Postal officials clear way for negotiated rate case settlement

Dec 28, 2001 10:30 PM  By

The U.S. Postal Servicesaid Wednesday that it will not raise postage rates before June 30 or file for another rate hike in fiscal 2002.

The announcement by Postmaster General John Potter, coming in the wake of reports that settlement negotiations in this year’s rate case were at an impasse, clears the way for an early end to hearings before the Postal Rate Commission. The USPS seeks to raise rates next summer by an average of 8.7%.

“This really puts us much closer to a settlement than we were before,” said Neal Denton, Alliance of Nonprofit Mailers executive director. “The postal service is really working with mailers to come up with a fair approach to implementing this case which in turn allows both the USPS and mailers to focus their efforts on more important tasks for the new year.”

Besides changing its position on implementing the new rate schedule and the timing of the next rate case, postal officials extended the original Friday, Dec. 28 deadline for rate case participants to sign the agreement to next Wednesday, Jan. 3.

“Chairman Omas deserves a lot of credit for initiating these discussions. Without his prodding, I don’t think they would have gotten off the ground,” Denton added.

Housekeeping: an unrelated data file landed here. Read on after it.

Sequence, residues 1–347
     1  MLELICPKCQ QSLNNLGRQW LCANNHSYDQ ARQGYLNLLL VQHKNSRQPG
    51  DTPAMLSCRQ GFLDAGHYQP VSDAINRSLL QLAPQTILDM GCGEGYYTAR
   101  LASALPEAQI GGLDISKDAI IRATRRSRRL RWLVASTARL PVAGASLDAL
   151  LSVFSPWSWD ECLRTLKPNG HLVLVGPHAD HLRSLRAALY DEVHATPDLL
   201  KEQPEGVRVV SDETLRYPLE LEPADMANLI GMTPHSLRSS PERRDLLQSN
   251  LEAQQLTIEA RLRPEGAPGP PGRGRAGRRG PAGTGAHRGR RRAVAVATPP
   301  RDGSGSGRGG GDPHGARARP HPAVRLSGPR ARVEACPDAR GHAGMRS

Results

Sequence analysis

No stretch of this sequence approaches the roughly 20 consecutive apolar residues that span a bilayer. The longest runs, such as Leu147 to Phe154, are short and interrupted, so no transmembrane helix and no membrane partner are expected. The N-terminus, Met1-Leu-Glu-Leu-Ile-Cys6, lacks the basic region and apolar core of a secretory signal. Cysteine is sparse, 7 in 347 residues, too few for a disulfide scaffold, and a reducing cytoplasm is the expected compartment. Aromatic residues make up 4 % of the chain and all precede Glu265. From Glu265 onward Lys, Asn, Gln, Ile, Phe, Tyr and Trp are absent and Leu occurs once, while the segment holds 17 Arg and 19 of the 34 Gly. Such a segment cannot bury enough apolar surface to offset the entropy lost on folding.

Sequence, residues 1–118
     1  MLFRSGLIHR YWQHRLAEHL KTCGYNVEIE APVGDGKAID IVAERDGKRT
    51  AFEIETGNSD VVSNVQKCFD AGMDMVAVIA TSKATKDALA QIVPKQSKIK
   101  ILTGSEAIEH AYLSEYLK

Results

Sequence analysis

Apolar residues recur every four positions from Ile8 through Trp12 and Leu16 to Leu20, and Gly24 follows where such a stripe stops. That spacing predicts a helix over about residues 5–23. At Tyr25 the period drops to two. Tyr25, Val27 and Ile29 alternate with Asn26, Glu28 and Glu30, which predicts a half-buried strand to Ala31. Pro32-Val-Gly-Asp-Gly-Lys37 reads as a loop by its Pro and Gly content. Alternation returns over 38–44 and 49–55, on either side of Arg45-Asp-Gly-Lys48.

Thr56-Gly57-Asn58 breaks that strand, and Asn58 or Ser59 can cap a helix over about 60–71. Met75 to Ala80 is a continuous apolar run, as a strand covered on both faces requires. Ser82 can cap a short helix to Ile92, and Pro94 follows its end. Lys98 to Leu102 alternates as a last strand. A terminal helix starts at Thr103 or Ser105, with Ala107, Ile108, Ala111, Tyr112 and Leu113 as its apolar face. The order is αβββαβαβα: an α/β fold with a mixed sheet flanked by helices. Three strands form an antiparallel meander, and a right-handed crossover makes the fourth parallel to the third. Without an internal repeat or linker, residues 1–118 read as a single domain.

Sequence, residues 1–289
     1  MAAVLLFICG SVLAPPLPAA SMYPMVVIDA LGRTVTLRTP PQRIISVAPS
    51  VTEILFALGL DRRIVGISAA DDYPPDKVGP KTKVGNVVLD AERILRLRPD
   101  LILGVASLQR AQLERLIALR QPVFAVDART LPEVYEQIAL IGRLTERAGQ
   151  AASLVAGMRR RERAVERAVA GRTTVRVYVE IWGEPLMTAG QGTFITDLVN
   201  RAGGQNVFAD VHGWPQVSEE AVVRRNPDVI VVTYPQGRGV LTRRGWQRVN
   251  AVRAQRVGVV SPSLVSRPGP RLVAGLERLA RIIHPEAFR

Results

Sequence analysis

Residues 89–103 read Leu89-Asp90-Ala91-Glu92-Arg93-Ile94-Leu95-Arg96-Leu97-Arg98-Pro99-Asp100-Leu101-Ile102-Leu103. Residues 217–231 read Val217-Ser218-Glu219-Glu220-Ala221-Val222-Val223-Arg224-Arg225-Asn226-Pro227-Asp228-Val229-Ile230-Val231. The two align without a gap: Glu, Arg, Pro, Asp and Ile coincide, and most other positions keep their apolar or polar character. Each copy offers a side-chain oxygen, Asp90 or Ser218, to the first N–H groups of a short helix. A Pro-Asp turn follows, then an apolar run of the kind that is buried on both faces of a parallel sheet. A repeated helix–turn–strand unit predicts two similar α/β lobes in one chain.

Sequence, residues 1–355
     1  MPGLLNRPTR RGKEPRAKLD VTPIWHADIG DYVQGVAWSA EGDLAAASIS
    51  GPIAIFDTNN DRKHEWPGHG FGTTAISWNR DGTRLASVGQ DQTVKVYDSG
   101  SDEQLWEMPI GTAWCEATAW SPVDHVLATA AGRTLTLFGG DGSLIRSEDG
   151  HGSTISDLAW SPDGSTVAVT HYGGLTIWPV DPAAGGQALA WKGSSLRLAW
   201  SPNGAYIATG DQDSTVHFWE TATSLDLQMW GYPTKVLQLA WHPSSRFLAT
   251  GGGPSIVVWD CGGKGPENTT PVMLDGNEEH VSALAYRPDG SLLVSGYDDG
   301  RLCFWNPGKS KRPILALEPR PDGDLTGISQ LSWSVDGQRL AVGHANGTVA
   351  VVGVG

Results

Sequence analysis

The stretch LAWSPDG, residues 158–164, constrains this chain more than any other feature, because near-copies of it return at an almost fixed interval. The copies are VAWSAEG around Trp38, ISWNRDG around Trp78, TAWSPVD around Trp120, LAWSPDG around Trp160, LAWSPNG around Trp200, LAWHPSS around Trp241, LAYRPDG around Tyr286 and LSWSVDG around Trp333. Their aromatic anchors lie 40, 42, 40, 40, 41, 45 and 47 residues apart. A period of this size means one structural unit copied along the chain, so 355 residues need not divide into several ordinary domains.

Potter said in a statement that both sides had a “critical need to resolve this issue and conclude the pending case so that we may turn our attentions to other important matters that have challenged all of us in these extraordinary times.”

Potter, noting the USPS has no immediate plans to file for another rate increase this calendar year, said he would “prefer not to have to begin the process of seeking further [rate] increases during fiscal 2002.” But, he pointed out that postal governors based on both the postal service’s finances and the state of the national economy would make decision.

The unprecedented negotiations began in late October at the suggestion of PRC Chairman George Omas who cited the national crisis, the Sept. 11 terrorist attacks and the discovery of anthrax-laced letters in the mail stream.